Love Island: does it represent British society?

Written by Jack Paul

There’s so much wrong with Love Island, Christ alive, but for some reason the only issue people seem to take with it is that it ‘isn’t representative of British society’ – that’s like taking fault with Hitler because he doesn’t recycle.

First of all, who is watching Love Island to get a sample of the British population? I think those professional individuals tasked with exploring British society might use more scientific means to gather their population sample than – say – using the contestants on a reality show. Funnily enough, the only thing you can find out about Britain from Love Island is that it is fucking doomed.

When has TV been a real representation of anything? Great British Bake Off doesn’t represent what it’s like to work in a Greggs you know. Naked Attraction doesn’t represent what it is like to go on a date, unless your date is an eccentric sex offender. Bargain Hunt might make antiques dealers out to be cuddly enthusiasts with a wealth of expertise but they are in fact drug-fuelled serial bigamists. My point is, why would anyone trust any television to depict any form of truth? Especially on a reality TV show, which resembles real life the way a dogshit-stained carpet might vaguely depict the virgin Mary.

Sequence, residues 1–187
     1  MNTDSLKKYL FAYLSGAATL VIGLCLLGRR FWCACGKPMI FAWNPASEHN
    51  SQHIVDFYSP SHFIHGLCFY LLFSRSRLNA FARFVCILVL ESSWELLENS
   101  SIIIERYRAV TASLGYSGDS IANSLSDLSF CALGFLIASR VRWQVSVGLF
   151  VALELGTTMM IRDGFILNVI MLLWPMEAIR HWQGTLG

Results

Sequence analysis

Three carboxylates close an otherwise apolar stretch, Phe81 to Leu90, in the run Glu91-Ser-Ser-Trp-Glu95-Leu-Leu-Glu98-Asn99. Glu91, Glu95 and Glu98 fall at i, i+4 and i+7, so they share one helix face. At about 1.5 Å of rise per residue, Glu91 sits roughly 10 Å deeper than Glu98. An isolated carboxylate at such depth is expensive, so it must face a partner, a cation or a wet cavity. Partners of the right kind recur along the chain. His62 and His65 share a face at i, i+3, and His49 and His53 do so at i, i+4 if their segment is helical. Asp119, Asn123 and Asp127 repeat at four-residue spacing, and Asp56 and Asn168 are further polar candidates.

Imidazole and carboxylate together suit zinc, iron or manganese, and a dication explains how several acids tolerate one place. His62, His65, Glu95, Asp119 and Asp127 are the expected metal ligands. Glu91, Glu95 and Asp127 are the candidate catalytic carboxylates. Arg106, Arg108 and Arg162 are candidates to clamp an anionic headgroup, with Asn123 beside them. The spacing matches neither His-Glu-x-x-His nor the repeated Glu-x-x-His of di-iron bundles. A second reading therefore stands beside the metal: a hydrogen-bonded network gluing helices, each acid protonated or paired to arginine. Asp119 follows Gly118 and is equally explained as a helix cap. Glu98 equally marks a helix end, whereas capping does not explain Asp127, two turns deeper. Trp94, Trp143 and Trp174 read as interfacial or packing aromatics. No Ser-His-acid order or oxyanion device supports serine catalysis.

The issues with Love Island are plentiful. Some have raised serious concerns about how the show is run, with such extreme manipulated techniques used as removing all clocks so contestants don’t know what time it is. Further issues over the mental health of past and current contestants were raised in the wake of Mike Thalassitis’ suicide, with some calls for the show to be cancelled altogether. Lest we forget what happened to Jeremy Kyle.

The show might have more flaws that the Burj Khalifa (a-thank you) but I actually don’t mind it. Not because I watch it, I don’t. In fact, I can’t. I recently tried but my body wouldn’t allow it. Like, you know when you know you really shouldn’t look at something, but your eyes flick over to that thing anyway? Well it was like the opposite of that, but my whole body left the room of its own volition. I genuinely don’t mind it thought, because, like visible tattoos, it’s a great way of knowing who to avoid.

I think the argument that Love Island isn’t a real representation of British life is, albeit the point of a moron, quite understandable. There is something poisonous about the idea of people copying behaviour they see on the show, or viewers having their reality warped by the ‘reality’ the show presents. However, if you are aware that what you are watching isn’t real then it is harmless. Like, I can watch Homer Simpson fall down Springfield Gorge because he’s a cartoon, but if I was watching a real man face the same fate I’d be completely insane.

For evidence that reality TV isn’t reality at all, here is Charlie Brooker demonstrating thus in a little educational video. Go on, learn something.